Enamels and Cameos/Carmen

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For works with similar titles, see Carmen.
Enamels and Cameos by Théophile Gautier, translated by Frederic Cesar De Sumichrast and Agnes Lee
Carmen
Original title “Carmen”

Slender is Carmen, of lissome guise,
     Her hair is black as the midnight’s heart;
Dark circles are under her gypsy eyes,
     Her swarthy skin is the devil’s art.

The women will mock at her form and face;
     But the men will follow her all the day.
Toledo’s Archbishop (now save His Grace!)
     Tones his mass at her knees, they say.

Nestled in warmth of her amber neck
     Lies a massive coil, till she fling it down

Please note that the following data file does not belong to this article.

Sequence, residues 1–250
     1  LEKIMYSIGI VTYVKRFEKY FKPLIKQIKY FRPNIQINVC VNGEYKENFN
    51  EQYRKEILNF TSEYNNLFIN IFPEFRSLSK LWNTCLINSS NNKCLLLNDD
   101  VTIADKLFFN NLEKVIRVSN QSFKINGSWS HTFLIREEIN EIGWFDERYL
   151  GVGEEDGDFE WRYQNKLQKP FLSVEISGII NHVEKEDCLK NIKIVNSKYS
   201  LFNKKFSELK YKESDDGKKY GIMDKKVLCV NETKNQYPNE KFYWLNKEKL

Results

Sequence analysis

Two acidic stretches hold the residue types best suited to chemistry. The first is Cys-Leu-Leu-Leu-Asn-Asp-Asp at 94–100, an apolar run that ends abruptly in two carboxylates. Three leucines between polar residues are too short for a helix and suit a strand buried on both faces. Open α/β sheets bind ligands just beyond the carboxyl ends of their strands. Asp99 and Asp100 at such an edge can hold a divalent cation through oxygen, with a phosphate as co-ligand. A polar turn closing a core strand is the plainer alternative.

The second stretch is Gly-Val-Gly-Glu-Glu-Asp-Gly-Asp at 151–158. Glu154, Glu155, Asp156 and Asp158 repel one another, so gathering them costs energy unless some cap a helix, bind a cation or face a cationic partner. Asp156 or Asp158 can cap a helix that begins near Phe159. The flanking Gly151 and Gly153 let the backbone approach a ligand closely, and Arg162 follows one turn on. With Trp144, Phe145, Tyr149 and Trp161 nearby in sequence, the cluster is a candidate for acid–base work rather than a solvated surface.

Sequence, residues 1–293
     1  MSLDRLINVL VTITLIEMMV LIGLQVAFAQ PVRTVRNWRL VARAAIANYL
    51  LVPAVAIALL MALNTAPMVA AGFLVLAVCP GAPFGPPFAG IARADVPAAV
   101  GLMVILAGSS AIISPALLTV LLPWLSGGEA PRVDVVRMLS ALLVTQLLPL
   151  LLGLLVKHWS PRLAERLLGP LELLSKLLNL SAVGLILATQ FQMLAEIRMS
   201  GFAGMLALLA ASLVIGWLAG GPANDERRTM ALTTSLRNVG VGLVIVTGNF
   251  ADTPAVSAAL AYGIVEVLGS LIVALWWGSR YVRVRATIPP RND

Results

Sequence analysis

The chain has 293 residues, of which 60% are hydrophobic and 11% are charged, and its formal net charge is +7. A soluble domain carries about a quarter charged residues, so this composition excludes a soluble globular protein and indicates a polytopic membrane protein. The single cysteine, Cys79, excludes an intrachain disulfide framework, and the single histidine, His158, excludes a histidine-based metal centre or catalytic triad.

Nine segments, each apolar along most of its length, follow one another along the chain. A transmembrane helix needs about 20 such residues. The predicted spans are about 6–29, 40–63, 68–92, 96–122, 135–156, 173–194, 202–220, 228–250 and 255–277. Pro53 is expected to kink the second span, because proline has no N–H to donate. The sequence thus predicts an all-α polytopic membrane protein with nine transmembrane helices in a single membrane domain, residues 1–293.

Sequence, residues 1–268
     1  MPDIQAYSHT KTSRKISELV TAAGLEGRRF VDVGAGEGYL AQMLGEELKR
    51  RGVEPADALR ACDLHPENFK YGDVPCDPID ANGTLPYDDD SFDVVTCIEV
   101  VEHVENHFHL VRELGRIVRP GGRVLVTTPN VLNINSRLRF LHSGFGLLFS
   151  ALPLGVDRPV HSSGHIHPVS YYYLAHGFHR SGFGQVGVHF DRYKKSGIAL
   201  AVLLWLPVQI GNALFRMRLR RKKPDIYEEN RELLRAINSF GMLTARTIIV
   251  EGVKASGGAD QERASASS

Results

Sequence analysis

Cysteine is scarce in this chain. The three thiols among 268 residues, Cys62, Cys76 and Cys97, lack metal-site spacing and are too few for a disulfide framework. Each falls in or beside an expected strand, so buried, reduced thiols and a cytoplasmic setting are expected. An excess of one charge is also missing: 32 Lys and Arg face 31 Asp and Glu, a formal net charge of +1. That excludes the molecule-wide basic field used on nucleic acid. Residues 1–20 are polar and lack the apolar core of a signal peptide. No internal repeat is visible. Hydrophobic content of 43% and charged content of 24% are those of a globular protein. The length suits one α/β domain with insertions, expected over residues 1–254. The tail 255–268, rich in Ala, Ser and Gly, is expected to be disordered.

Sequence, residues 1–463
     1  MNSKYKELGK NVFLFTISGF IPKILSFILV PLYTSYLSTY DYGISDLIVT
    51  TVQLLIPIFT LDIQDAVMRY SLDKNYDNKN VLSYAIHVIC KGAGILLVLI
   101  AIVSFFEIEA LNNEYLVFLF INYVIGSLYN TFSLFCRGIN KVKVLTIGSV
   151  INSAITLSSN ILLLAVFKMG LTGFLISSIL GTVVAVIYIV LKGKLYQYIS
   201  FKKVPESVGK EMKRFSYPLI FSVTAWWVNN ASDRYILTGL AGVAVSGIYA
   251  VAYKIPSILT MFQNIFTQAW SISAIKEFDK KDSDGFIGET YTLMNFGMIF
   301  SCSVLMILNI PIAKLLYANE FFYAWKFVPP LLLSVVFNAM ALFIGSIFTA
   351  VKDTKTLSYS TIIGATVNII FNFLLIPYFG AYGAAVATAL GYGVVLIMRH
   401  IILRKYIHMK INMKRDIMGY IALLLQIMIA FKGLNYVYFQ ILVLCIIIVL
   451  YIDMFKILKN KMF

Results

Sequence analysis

To be a raiment to frame and deck
     Her delicate body from foot to crown.

Then out from her pallid face with power
     Her witching, terrible smiles compel.
Her mouth is a mystical poison-flower
     That hath drawn its crimson from hearts in hell.

The haughtiest beauty must yield her fame,
     When this strange vision shall dusk her sky.
For Carmen rules, and her glance’s flame
     Shall set the torch to satiety.

Wild, graceless Carmen! — Though yet this be,
     Savour she hath of a world undreamt,
Of a world of wonder, whose salt young sea
     Provoked a Venus to rise and tempt.